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Let's take trigonometry as an example

We often see $ \theta = \sin^{-1}(x) $ being used to say what is the angle $ \theta$ such that its sine is $x$. But by similar arguments why can't $\sin^{-1}(x) $ mean $\frac{1}{\sin(x)}$ when $\sin^2(x)$ is usually translated as $(\sin(x))^2$ not $\sin(\sin(x))$

You may have noticed I am not totally confident in these conversations but feel we should have clarity. I'm not convinced we do.

Thoughts?

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    $\begingroup$ The notation $\arcsin(x)$ is superior because it cannot be misunderstood. But the convention is that $\sin^{-1}(x)$ is the inverse of the sine-function. The reciprocal would be $(\sin(x))^{-1}=\frac{1}{\sin(x)}$ $\endgroup$
    – Peter
    Apr 11, 2018 at 22:53
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    $\begingroup$ I fully agree $\sin^{-1}(x)$ and $\sin^2(x)$ are confusing but $\arcsin(x)$ and $(\sin(x))^2$ make sense to me. $\endgroup$ Apr 11, 2018 at 22:57
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    $\begingroup$ A good point is the argument with $\sin^2(x)$ $\endgroup$
    – Peter
    Apr 11, 2018 at 22:57
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    $\begingroup$ Both interpretations of $\sin^{-1}(x)$ are widely used with certain interpretations having dominance in various parts of the world. Having been a TA at a college with a large number of foreign students really showed just how big of an issue it is as it was a point of confusion that came up regularly in the tutoring lab and in office hours. Avoiding using that notation entirely is a good way to circumvent the issue, using $\arcsin(x)$ and $\csc(x)$ instead. $\endgroup$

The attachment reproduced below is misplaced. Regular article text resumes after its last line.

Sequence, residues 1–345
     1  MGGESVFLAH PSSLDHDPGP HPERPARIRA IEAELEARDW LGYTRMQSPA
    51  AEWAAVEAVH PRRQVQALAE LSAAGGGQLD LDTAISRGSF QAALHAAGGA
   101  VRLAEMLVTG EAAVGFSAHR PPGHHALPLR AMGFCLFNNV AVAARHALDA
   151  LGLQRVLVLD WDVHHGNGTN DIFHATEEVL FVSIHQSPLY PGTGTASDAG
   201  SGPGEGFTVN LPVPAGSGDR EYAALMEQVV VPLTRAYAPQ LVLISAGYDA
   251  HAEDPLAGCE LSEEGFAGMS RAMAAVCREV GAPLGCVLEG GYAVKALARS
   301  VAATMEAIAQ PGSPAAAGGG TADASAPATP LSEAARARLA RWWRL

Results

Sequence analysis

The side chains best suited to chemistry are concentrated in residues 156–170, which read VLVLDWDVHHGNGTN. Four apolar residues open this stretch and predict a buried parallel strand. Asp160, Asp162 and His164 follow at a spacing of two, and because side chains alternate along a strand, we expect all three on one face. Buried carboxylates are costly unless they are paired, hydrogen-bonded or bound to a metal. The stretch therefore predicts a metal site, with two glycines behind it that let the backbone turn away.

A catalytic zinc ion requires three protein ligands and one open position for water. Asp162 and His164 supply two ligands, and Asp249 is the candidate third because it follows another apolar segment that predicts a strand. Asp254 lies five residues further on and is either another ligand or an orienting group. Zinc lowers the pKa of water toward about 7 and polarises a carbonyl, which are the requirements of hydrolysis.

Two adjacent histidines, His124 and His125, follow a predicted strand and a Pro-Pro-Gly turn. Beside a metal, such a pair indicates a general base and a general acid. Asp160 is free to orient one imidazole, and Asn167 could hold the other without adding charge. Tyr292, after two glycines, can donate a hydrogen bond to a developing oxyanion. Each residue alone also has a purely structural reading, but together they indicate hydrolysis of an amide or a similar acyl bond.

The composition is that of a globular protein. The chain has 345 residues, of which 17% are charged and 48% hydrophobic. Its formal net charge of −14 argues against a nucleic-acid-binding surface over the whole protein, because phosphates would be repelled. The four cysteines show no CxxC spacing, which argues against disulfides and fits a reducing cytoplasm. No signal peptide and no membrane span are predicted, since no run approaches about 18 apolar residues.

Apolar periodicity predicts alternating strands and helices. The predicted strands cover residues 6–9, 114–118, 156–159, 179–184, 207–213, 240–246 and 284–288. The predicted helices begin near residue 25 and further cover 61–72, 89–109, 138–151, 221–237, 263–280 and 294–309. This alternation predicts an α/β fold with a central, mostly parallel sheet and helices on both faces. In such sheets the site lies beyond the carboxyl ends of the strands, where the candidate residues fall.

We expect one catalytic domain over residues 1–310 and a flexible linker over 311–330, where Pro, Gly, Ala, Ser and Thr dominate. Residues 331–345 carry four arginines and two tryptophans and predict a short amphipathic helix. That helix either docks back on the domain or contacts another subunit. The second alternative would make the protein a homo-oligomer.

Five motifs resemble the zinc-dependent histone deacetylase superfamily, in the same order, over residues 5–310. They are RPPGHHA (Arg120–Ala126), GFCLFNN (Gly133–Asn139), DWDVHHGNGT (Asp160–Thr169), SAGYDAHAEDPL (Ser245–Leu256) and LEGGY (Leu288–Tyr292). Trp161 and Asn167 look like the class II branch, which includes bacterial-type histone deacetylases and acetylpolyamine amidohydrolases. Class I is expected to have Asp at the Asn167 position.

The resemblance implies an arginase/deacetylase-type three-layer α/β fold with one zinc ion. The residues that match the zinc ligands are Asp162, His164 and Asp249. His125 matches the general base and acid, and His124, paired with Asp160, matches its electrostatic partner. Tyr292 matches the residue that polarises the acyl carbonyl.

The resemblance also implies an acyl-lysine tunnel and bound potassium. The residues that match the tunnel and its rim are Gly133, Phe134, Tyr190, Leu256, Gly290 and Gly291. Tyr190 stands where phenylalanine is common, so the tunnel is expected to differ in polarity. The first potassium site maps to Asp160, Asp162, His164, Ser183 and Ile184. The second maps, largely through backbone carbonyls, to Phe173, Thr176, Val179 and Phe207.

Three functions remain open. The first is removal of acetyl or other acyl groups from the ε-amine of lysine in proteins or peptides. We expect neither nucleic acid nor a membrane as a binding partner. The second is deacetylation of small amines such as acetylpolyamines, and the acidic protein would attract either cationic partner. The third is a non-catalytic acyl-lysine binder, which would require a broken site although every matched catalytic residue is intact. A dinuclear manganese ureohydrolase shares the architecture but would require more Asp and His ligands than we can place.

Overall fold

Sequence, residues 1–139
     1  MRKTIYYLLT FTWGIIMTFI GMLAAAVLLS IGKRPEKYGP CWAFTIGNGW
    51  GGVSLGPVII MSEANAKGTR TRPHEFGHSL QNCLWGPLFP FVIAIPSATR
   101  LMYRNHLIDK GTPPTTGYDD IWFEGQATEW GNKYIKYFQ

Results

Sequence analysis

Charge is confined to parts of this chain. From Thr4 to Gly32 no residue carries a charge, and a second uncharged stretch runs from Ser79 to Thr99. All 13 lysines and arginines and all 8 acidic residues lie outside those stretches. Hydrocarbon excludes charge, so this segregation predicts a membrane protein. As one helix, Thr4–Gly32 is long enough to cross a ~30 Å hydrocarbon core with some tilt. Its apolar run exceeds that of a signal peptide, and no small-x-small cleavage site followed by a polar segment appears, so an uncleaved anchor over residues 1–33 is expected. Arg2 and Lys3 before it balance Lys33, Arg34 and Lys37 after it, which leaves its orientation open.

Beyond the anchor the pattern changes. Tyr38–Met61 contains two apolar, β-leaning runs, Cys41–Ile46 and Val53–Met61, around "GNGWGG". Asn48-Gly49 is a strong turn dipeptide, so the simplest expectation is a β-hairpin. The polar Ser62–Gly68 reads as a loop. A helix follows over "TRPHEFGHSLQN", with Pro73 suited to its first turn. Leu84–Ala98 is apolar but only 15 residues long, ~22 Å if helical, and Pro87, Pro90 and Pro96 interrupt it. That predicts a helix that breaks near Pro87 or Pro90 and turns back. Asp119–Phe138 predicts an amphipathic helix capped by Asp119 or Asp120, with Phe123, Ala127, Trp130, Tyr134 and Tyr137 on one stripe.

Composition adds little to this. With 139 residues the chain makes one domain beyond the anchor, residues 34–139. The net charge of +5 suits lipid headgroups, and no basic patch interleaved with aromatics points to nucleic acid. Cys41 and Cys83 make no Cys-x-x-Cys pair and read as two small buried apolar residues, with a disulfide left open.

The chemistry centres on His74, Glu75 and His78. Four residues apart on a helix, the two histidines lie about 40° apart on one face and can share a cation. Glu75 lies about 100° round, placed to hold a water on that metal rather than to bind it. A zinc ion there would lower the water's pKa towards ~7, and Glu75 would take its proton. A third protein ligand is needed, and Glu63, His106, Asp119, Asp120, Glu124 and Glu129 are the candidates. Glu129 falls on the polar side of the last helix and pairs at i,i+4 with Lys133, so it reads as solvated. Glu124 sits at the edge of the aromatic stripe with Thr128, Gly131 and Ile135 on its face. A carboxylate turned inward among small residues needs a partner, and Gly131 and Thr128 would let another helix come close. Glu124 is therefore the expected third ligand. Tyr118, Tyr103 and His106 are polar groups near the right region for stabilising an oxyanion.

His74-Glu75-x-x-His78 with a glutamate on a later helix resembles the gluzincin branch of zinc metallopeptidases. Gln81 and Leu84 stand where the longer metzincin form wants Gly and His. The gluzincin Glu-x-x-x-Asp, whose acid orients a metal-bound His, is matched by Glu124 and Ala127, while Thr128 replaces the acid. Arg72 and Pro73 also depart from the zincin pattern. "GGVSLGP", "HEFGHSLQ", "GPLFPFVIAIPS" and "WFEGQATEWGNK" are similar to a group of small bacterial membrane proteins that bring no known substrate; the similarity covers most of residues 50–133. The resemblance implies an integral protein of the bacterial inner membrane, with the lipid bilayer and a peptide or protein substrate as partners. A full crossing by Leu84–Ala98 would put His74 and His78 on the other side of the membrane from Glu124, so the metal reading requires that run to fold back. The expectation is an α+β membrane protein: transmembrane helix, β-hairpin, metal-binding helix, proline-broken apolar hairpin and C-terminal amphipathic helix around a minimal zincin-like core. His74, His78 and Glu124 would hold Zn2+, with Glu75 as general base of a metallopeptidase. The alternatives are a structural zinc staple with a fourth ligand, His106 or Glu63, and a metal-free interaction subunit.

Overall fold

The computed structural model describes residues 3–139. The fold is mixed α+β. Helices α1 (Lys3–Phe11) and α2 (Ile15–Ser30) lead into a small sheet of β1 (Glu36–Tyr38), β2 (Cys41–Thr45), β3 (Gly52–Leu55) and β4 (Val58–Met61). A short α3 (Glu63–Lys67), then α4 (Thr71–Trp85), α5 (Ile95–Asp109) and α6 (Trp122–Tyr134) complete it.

– JMoravitz
    Apr 11, 2018 at 23:01
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    $\begingroup$ As for the question of if there is in fact a general standard for arbitrary problems and notation which everyone follows., an attempt is made to standardize it by the ISO, International Orginzation for Standardization, some more information of which that relates directly to maths can be found here (and the specific notation of $\sin^{-1}$ is explicitly not included in their publication). $\endgroup$
    – JMoravitz
    Apr 11, 2018 at 23:08

4 Answers 4

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What you are observing here is a clash or overloading of notation. There are only a finite number of symbols that we have to work with, so it is common for this to occur. In this specific example, we have $$ x^{-1} = \frac{1}{x} $$ for real numbers, and $$ f^{-1} = \text{the inverse of $f$} $$ for functions $f$. If you are not overly familiar with the notation of functions (the latter notation), it is not unreasonable to assume that $$ \sin^{-1}(x) = \frac{1}{\sin(x)}. $$ This is not the standard notation, and you will be easily misunderstood if you write it. On the other hand, it is common to leave of the parentheses when working with trig functions, so the obvious "correct" notation for $\frac{1}{\sin(x)}$ (because $\csc(x)$ is silly) also runs the risk of ambiguity: is $$ \sin x^{-1} = \frac{1}{\sin x} \qquad\text{or}\qquad \sin x^{-1} = \sin\left( \frac{1}{x} \right)? $$ In other words, there are three different concepts that all have very similar notation. Because of this, we choose notational conventions, then attempt to apply them consistently. In this case: